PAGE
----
BREYANZI is a prescription medicine used to treat large B cell lymphoma, a type of non-Hodgkin lymphoma, when:
I remember watching while they were
putting the CAR T cells into me. I felt
hopeful that things were going to start
turning around. This was our fresh start.
Burning buildings didn’t faze Nick. Heights? No problem. When some people run from a problem, Nick suited up and ran toward it—especially if it meant saving someone else’s life. And yet after being diagnosed with diffuse large B-cell lymphoma (DLBCL), the ever-optimistic firefighter was almost stopped in his tracks.
His fight began at a time in his life when everything seemed to be unfolding exactly as he planned. Nick was living out his dream: Working as a firefighter and married to the love of his life, Rachel. At age 31, they were looking forward to starting their family and building their lives together.
Then Nick felt a bump below his collarbone. When more bumps appeared, he made an appointment with his doctor. “I hid our suspicions from the chief and my brothers at the firehouse,” he says. “I didn’t want them to question my ability to work and mark me as sick.”
A PET scan found cancer in Nick’s bones and riddled throughout his body. As his condition continued to deteriorate, he was admitted to the hospital. There, he was finally diagnosed with DLBCL.
I hid our suspicions from the chief and my brothers at the firehouse. I didn’t want them to question my ability to work and mark me as sick.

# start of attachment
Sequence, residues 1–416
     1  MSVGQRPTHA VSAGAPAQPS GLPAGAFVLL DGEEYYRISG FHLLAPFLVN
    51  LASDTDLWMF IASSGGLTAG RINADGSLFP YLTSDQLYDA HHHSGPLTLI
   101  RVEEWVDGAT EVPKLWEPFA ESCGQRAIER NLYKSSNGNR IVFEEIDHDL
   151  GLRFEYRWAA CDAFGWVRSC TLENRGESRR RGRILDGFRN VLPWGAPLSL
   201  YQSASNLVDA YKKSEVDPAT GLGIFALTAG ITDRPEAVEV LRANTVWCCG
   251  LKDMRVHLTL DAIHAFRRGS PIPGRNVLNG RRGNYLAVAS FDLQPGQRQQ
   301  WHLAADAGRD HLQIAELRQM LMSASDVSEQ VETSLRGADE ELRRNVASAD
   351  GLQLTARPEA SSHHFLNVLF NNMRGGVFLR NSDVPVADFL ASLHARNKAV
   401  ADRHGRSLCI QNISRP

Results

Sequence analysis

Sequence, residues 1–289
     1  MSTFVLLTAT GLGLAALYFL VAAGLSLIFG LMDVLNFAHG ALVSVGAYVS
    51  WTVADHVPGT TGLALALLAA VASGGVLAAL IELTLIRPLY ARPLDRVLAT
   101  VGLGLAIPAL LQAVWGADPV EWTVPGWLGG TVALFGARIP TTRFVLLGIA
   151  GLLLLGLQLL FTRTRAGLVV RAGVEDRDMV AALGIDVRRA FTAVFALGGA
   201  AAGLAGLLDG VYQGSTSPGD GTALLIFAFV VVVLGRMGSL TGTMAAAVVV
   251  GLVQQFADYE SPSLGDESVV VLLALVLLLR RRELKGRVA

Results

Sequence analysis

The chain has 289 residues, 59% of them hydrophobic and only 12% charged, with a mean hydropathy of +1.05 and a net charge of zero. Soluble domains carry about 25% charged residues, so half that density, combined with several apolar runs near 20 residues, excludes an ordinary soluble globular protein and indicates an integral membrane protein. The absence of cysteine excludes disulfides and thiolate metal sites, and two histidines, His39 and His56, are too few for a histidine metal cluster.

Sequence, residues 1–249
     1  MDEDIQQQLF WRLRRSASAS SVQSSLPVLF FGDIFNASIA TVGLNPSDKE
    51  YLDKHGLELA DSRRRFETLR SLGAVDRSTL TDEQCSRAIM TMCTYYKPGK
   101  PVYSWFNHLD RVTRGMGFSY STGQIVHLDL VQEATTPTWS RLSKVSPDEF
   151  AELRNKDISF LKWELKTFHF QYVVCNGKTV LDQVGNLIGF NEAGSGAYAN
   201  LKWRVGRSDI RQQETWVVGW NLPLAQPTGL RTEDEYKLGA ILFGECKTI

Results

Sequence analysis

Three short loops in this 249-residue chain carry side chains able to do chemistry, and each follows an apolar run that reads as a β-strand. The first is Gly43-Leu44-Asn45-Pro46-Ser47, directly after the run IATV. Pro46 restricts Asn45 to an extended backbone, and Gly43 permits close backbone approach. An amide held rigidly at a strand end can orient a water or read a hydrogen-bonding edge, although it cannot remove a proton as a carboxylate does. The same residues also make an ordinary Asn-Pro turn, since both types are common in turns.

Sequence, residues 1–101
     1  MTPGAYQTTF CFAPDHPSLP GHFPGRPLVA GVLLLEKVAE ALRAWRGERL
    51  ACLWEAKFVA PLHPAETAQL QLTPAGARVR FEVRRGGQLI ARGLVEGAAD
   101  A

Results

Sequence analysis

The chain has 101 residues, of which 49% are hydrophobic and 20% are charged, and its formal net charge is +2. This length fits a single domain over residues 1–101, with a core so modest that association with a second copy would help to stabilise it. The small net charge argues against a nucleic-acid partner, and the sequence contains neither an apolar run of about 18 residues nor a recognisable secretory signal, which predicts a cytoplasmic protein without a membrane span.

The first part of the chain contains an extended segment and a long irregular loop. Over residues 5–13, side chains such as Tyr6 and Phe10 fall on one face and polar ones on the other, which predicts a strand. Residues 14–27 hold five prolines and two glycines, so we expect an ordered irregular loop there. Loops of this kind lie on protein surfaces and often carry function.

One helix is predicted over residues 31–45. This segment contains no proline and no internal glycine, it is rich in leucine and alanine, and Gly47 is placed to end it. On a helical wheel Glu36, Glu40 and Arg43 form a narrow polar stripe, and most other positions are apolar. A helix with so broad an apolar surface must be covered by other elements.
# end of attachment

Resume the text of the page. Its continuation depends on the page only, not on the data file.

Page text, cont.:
When Nick’s final round of chemo ended, his friends and family celebrated. They thought the nightmare was behind them. But the following month when Nick returned for a follow-up PET scan, it showed a spot on his liver. The cancer was still there.
Again, Nick and Rachel consulted with his oncologist to determine the next step. Nick signed up for a clinical trial and saw almost immediate results. He had a clear scan. It was the miracle they hoped for. “Everyone was so happy!” says Nick. “My doctor was pleased, but he knew we had to do a stem cell transplant or it would come back.”
While he was preparing for the transplant, Nick saw a report on the news about CAR T cell therapy, which is made from a patient’s own white blood cells. If the stem cell transplant failed, could CAR T cell therapy be an option for him?
Everyone was so happy! My doctor was pleased, but he knew we had to do a stem cell transplant or it would come back.
His transplant went well, and Rachel and Nick began to make plans for the summer. “We were ready to end our journey with cancer,” says Nick. “But a PET scan showed a spot in the middle of my chest. The DLBCL was back.”
Because he had received at least 2 previous treatments that didn't work or stopped working, Nick asked his oncologist about a CAR T cell therapy clinical trial. They discussed the trial that would later lead to the approval of Breyanzi, and they discussed side effects that can be life-threatening and can lead to death, including cytokine release syndrome and neurologic toxicity. They also discussed other common side effects, such as fatigue, severe nausea, severe diarrhea, and infections. Nick and his oncologist felt Breyanzi was the right choice for him, and he put his name on the list. He was number 21.
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We were ready to end our journey with cancer. But a PET scan showed a spot in the middle of my chest. The DLBCL was back.